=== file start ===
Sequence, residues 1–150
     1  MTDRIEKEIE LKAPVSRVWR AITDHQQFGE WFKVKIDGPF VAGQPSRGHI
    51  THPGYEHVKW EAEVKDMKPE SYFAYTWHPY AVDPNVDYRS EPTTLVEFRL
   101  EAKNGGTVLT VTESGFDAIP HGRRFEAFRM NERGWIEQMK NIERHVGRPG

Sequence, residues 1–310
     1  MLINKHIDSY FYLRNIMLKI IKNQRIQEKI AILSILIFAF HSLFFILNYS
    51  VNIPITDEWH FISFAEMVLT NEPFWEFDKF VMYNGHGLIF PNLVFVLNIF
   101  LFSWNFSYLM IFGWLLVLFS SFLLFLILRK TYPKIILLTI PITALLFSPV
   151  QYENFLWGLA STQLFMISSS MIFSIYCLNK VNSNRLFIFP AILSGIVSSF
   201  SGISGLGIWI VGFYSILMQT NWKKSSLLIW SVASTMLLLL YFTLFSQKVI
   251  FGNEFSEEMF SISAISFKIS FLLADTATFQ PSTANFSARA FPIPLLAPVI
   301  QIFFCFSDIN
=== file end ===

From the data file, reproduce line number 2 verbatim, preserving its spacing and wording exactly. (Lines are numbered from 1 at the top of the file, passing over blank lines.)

     1  MTDRIEKEIE LKAPVSRVWR AITDHQQFGE WFKVKIDGPF VAGQPSRGHI